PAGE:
He sighed. “If I were not already badly hurt, I would go with you. But look at me. I can barely breath without pain.” He looked at the ground, and shifted, uncomfortably. “Caewen, please listen. Please. Mark well what I have already said to you: I am no hedge-wizard, nor paltry conjurer. I have real power, deep and marbled with veins of old magic. And yet, I was ambushed, and nearly killed. If the murderer comes for you…” He shook his head. “I don’t wish to be some old doomsayer, but you will not survive. You’ve no real power. Not really. You will be killed.”
“Keri,” she tried again. “Surely you won’t stand by… that’s not who you are.”
She shut her eyes tight. “No. It’s not. But I can’t leave my brother either. I can’t.” She drew in a suffocated breath. “My parents.” Then opened her eyes and looking squarely at Caewen. “If there is a clean fight, I will be at your back. But not this…. wandering around in the darkness, stumbling about… hoping to find some stranger’s tent before the night-worshipers find you. No, Caewen. There is right and there is wrong, but there is also sensible and there is just plain stupid. No.” Her head hung a little. “I’m staying here. With Keru. Someone has to.”
“Fine.” She turned for the way out. “It’s just me and Dapple, then.”
“Hurm. I don’t want to be a wet fog on your dawn, Caewen, but they are both right: it really isn’t sensible. We were lucky the first time we went out. We might not be this time. And the revels do get more, hurm, exuberant, as the night goes on. It’s riskier now than it was before midnight.” His voice grew more philosophic. “Sometimes to hesitate is to lose, but sometimes to hesitate is to not be standing in the way when a tree falls on the path.” Softly, he added a “Hurrrrm,” and a “hur.”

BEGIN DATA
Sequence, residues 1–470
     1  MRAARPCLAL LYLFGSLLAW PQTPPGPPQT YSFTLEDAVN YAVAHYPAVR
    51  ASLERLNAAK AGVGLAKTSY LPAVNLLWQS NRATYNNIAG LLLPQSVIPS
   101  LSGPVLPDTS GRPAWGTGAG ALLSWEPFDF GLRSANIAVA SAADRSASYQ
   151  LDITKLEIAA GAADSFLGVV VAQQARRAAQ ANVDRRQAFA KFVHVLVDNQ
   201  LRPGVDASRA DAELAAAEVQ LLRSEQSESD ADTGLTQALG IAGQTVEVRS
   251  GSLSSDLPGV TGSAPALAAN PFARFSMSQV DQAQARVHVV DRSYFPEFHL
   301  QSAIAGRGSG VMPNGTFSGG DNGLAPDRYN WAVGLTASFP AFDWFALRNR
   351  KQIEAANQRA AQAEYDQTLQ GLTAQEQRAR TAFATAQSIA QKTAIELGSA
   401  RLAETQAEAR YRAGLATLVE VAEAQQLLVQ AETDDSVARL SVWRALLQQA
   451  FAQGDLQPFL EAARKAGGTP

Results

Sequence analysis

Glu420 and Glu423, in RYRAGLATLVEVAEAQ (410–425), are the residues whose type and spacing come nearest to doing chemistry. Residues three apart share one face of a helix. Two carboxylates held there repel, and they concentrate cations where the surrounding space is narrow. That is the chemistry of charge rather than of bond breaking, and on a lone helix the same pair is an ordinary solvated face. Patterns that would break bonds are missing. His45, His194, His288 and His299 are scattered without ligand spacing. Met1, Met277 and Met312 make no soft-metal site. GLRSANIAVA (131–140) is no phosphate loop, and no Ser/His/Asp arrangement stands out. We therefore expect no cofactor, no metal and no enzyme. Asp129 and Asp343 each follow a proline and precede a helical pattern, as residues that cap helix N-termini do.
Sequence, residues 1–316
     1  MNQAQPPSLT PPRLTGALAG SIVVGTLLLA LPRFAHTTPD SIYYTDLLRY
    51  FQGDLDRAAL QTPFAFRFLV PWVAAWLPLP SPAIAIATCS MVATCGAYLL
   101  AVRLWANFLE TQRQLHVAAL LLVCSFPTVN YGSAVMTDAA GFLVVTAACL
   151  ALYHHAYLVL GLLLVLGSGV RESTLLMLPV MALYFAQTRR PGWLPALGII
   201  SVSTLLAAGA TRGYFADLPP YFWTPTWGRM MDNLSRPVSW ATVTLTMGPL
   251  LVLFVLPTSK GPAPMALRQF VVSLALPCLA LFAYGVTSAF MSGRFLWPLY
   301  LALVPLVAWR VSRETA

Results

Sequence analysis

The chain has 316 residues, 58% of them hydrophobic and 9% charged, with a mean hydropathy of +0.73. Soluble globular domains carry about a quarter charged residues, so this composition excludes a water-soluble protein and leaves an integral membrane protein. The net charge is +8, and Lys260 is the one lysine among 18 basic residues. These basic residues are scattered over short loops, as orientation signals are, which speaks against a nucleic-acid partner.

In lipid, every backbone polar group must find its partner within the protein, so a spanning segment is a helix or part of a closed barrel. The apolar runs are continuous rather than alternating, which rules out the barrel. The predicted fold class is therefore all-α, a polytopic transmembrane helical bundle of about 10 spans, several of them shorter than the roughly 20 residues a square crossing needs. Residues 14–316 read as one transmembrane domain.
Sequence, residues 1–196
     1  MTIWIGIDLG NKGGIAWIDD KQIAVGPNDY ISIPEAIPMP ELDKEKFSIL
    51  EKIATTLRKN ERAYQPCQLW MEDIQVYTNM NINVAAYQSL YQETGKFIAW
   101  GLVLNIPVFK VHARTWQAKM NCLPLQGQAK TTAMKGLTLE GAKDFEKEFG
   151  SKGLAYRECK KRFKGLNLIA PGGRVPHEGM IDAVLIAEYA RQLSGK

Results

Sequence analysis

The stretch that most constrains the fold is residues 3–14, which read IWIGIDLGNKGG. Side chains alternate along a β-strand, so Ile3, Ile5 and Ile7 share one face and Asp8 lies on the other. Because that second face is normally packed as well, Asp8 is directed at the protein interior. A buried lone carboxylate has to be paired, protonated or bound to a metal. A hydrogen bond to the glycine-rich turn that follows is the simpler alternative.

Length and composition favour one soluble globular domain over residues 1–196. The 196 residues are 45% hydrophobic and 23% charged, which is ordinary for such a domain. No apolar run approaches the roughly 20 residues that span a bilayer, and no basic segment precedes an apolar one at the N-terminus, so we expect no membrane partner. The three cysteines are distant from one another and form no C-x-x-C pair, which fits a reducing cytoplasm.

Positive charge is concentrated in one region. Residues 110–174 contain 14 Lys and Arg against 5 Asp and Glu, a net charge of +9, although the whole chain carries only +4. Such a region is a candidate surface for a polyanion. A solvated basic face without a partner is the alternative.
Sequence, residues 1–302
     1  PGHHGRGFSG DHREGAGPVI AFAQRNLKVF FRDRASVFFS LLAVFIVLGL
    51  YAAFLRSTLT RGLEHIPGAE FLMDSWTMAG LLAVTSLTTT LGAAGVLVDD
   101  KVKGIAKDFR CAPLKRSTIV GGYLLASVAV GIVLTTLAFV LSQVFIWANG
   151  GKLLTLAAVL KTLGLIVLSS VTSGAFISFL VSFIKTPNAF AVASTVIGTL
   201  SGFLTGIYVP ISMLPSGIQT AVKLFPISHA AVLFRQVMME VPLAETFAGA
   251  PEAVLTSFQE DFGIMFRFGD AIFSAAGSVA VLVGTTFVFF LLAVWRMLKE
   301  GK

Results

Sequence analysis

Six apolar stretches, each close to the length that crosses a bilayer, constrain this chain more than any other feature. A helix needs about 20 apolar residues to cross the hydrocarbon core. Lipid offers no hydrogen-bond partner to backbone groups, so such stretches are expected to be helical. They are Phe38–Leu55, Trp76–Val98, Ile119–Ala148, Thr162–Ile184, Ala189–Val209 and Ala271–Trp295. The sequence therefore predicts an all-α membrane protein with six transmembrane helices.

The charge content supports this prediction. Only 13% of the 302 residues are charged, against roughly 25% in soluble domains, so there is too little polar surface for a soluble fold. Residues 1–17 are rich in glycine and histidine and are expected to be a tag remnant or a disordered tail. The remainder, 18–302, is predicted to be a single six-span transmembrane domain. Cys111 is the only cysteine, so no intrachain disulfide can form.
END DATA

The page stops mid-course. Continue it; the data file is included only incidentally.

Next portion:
“Fine. I’ll go alone.”
Keri raised her voice. “Caewen. Please.”
“Hurm. And I didn’t say I would let you go alone. Only that I think this is a foolish choice.” He smiled and his jagged teeth shone against the lamplight. “But what are we two if not fools?”
“Alright then. Let’s think about this a moment. Could you outrun night-worshippers? If we were chased?”
“Probably. Depends on the night-worshiper. But they might surround us and I can only jump so far.” He turned over some thoughts, then said, “I might be able to bluff my way past a mob. Anyone from beyond the Snowy Mountains would know of my father–but, they would probably not know I am estranged from my father.”
“I thought you said you father was some sort of forest demon, who snuck out of the woods one night?”
“That is true. Hurm. But he has rights and powers. Few would want to cross him openly. Hrmmm.”
“There is that then. And, couldn’t you just sniff us around trouble? You’ve a good nose. Could you smell night-folk and skirt them?”
“Perhaps. Yes. It might work. Hrm. “Yes. Quite possibly. But it will have to be just you and me. To move quickly, I can’t be carrying more than one person.”
“It was just you and me to start with.” She resumed walking towards the tent flap when Keri cleared her throat.
“Er. You may want to put some more clothes on. You’re still dressed in undergarmets.”
“And you should take your sword,” said Samarkarantha.
“Oh. Yes.” A little embarrassed, she scrambled and pulled on her rough dress, and socks, boots and belt, finally looping her scabbard on. “Right then. Ready, Dapple?”
“As I ever will be,” he replied.